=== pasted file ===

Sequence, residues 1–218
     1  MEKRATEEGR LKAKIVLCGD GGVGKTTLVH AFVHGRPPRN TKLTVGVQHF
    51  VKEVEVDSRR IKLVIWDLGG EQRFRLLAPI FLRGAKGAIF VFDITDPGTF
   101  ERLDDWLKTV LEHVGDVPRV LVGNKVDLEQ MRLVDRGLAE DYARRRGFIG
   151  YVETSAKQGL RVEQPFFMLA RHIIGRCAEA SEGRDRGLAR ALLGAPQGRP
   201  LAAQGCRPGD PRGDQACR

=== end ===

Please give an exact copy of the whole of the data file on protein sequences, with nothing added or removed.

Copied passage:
Sequence, residues 1–218
     1  MEKRATEEGR LKAKIVLCGD GGVGKTTLVH AFVHGRPPRN TKLTVGVQHF
    51  VKEVEVDSRR IKLVIWDLGG EQRFRLLAPI FLRGAKGAIF VFDITDPGTF
   101  ERLDDWLKTV LEHVGDVPRV LVGNKVDLEQ MRLVDRGLAE DYARRRGFIG
   151  YVETSAKQGL RVEQPFFMLA RHIIGRCAEA SEGRDRGLAR ALLGAPQGRP
   201  LAAQGCRPGD PRGDQACR